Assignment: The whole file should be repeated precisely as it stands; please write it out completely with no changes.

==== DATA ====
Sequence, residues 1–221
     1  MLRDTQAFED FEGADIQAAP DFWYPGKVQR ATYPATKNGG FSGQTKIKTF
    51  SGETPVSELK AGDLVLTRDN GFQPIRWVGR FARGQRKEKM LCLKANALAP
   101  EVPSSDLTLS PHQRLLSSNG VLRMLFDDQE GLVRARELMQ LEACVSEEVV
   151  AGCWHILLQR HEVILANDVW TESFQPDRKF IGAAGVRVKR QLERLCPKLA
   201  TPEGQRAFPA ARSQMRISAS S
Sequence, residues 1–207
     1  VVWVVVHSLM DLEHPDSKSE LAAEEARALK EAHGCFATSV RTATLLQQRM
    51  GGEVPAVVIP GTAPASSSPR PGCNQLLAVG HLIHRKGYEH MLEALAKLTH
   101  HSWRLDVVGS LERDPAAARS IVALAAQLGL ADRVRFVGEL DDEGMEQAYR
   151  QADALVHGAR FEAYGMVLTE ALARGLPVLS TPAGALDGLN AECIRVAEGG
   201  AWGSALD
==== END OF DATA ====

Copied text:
Sequence, residues 1–221
     1  MLRDTQAFED FEGADIQAAP DFWYPGKVQR ATYPATKNGG FSGQTKIKTF
    51  SGETPVSELK AGDLVLTRDN GFQPIRWVGR FARGQRKEKM LCLKANALAP
   101  EVPSSDLTLS PHQRLLSSNG VLRMLFDDQE GLVRARELMQ LEACVSEEVV
   151  AGCWHILLQR HEVILANDVW TESFQPDRKF IGAAGVRVKR QLERLCPKLA
   201  TPEGQRAFPA ARSQMRISAS S
Sequence, residues 1–207
     1  VVWVVVHSLM DLEHPDSKSE LAAEEARALK EAHGCFATSV RTATLLQQRM
    51  GGEVPAVVIP GTAPASSSPR PGCNQLLAVG HLIHRKGYEH MLEALAKLTH
   101  HSWRLDVVGS LERDPAAARS IVALAAQLGL ADRVRFVGEL DDEGMEQAYR
   151  QADALVHGAR FEAYGMVLTE ALARGLPVLS TPAGALDGLN AECIRVAEGG
   201  AWGSALD